Continuing onwards we soon reached the 'Bay of Silence'. It's easy to find, you just follow the noise. It's very popular on a good day and closed off by nature from the rest of the town.
Its major claim to fame at the moment is a highly appropriate and record-breaking Silent Disco called "SHH!" when thousands of people shuffle and shimmy in the sand.
It takes place every year during the 'Mojotic' Music Festival and in 2014 over 8,000 people gathered to create a European record.
One side of the small bay has modest buildings but picture postcard nonetheless ready to be captured by your camera lens.
In the past this little promontory was actually a tiny island but though time soil and sand carried by the sea currents were deposited to create the modern isthmus.
A centuries long project of land transformation slowly and patiently accomplished by the elements.
Barbarian hordes and other unwelcome visitors
Sestri Levante has been around for a long time and was first recorded in documents dating from 909 A.D. After the disaster of the Barbarian Invasions it began to expand and develop during the medieval period.
But the town, like many others along this strategic coast, has been fought over by all and sundry for centuries. In 1072 it was the Republics of Genoa and Pisa taking up cudgels. The former won that conflict, the latter stuck to building dodgy towers on soft ground.
The great and all powerful land-owning families of the old historical provinces battled it out in 14th century including the famous Viscontis.
In the 15th century it was the turn of the Venetians and in the next century the foreigners decided to throw their oars in as there were attacks by the Turks in 1542 and the Saracens in 1607.
The 'Little Corporal' came strutting along the beach in 1797 as the French forces of Napoleon extended their empire.
After the Duke of Wellington chased his adversary off into the sunset at Waterloo control of Sestri was place in the hands of the Sardinians.
Finally in 1861 the country was unified into what is now modern Italy.
Thankfully there have been no marauding hordes of beer-soaked tourists in the modern era. Although Sestri Levante attracts people from abroad the visitors are normally from Northern Italy.
This is reflected in the local campsites just behind the town which are mostly populated by domestic visitors. The accommodation and facilities are not of the international standard of other camping areas in Italy such as the Venice Coast and the Northern Lakes.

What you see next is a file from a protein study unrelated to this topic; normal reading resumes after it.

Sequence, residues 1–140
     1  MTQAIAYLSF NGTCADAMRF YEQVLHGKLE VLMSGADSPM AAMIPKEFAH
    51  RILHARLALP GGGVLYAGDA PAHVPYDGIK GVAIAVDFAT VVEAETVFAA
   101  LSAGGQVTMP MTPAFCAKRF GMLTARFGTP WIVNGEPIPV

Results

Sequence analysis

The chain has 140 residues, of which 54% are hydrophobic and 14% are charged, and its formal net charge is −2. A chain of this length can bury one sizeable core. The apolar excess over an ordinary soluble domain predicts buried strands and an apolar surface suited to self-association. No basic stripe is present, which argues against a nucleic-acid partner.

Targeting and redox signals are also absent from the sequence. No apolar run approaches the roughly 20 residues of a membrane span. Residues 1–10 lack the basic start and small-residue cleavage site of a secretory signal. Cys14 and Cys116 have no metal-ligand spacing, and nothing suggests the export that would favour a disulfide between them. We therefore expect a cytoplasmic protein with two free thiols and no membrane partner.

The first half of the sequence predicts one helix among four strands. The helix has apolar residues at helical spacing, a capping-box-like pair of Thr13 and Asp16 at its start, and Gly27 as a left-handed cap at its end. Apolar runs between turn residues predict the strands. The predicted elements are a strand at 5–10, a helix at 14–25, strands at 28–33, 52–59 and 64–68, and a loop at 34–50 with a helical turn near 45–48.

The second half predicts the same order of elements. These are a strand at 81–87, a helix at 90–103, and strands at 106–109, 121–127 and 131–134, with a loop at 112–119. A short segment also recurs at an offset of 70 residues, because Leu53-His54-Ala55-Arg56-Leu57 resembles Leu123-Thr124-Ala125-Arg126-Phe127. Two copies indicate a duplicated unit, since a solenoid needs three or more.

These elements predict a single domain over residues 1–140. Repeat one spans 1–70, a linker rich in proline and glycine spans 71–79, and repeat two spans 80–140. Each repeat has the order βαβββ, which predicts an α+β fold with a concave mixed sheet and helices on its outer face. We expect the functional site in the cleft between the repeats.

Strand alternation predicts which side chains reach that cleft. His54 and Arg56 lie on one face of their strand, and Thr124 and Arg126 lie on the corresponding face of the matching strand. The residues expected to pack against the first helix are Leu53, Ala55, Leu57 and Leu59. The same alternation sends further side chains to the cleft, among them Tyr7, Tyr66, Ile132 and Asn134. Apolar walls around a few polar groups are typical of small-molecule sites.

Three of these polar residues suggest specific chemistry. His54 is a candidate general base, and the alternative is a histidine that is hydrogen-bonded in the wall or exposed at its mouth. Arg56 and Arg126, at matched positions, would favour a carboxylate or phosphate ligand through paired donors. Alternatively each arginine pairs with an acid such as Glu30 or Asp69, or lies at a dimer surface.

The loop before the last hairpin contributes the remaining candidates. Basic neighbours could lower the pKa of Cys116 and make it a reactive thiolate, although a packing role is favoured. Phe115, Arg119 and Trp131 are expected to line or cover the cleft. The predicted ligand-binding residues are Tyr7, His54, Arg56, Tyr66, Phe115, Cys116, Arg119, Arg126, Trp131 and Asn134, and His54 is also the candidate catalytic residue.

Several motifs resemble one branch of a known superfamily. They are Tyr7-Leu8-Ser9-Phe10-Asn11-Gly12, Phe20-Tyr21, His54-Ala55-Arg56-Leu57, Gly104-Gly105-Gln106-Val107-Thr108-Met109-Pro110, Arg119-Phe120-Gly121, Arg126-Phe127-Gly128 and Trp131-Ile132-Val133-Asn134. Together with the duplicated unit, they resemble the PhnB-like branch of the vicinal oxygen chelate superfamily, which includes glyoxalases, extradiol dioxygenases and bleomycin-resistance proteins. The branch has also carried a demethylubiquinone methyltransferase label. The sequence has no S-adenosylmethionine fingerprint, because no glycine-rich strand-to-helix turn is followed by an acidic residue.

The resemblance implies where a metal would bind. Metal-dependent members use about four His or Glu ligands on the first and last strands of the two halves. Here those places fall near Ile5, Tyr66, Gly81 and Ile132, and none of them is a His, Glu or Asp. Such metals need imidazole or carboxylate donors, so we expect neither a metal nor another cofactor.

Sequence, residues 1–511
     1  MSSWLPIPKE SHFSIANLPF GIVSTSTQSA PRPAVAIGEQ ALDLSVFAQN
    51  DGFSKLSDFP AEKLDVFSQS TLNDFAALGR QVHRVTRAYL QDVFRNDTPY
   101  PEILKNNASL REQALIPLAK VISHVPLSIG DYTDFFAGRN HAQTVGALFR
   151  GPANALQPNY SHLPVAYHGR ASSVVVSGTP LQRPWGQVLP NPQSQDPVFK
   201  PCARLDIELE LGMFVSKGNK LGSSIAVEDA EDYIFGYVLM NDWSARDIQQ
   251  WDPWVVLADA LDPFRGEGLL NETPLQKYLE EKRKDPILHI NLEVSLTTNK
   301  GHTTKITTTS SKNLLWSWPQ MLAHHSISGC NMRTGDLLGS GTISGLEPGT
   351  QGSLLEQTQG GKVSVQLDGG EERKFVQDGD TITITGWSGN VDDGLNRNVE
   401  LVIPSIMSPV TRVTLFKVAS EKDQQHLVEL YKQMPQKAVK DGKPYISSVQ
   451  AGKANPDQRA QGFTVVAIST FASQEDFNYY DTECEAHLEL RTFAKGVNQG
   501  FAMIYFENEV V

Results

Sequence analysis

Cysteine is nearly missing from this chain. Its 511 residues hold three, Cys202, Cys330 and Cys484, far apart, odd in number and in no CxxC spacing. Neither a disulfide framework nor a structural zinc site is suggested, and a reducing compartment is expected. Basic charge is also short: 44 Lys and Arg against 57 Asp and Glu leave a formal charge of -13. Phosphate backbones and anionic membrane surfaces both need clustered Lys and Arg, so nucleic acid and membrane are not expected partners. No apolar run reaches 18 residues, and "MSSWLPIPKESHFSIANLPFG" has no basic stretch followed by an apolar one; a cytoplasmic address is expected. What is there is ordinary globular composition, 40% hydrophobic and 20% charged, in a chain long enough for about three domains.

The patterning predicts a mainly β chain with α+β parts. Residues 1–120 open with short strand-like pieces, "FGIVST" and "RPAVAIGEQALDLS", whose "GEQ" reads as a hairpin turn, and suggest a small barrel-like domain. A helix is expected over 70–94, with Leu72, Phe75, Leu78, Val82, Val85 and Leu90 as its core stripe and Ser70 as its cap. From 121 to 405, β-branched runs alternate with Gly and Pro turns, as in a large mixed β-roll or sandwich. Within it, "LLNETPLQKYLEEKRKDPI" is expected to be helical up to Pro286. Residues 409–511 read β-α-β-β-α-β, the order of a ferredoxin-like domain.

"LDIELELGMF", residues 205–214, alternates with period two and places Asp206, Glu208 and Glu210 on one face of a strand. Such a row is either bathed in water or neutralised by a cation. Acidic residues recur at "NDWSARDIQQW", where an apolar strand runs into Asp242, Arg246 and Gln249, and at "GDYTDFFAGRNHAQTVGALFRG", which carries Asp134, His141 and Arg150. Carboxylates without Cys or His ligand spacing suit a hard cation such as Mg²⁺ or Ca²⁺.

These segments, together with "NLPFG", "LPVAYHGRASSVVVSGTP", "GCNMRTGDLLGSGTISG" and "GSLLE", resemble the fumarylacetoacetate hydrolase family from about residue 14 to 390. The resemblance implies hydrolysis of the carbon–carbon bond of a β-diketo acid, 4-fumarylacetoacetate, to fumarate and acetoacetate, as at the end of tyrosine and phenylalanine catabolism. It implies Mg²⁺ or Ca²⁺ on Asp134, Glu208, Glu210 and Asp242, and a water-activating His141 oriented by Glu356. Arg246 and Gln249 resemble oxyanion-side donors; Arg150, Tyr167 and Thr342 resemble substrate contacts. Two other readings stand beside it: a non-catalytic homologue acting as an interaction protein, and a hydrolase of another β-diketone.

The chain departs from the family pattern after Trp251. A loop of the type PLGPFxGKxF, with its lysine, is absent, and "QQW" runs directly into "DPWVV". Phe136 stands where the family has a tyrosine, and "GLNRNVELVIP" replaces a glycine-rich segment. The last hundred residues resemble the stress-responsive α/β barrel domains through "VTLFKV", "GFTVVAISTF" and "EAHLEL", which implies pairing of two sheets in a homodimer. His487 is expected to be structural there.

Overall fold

The celebrated Cinque Terre area further down the coast enjoys more international tourists and has a more well-known reputation worldwide.
But going back to the 'Bay of Silence' we saw a very nice German family on the sandy beach picking up their children at arms length to avoid getting their neatly-pressed designer clothes in any way soiled. There's nothing like letting yourself go on holiday.
Opposite the isthmus the other side of the bay is more impressive as it has the Punta Manara promontory, a high rocky hill replete with vegetation.
You can also go for a walk along the paths on the hills which give nice sea views and you can walk all the way to Moneglia or Casarza a few kilometres along the coast.
High-class hotels balconies and low-class localities
At the bay you'll also find high-class customers. The terraces of the Hotel Helvetia and balconies of the 'Vis-a-Vis' peer down onto the water.
Therefore if you have a good budget then what better way to enjoy a late evening with a cocktail looking out onto a beautiful Mediterranean sky as the suns sets.
Down among the peasantry we encountered the expected shortcomings of the fabled Ligurian hospitality. Sooner or later we knew we would suffer bad service and we weren't disappointed.
,At the beach-side café we had a party of 4 adults and a baby in a buggy and asking for a table outside on the narrow stretch, the welcome was less than welcome.
The staff couldn't do less for us and even put a 'reserved' sign on our table.
Presumably this was to remind us that there was a later and far more important booking.
The pressure was on and the clock was ticking.
It's always tough to drink to a deadline.
But in the end it was of absolutely no consequence anyway.
After waiting for almost 10 minutes, during which time we relaxed by watching the staff have a nice chat amongst themselves at the main door, we decided enthusiastically to leave.
But not before giving some 1-star verbal feedback that couldn't be printed on Trip Advisor.
Between a rock and a hired place
We walked back towards the main part of town to the 'Bay of Fairy Tales' with its pebble beaches.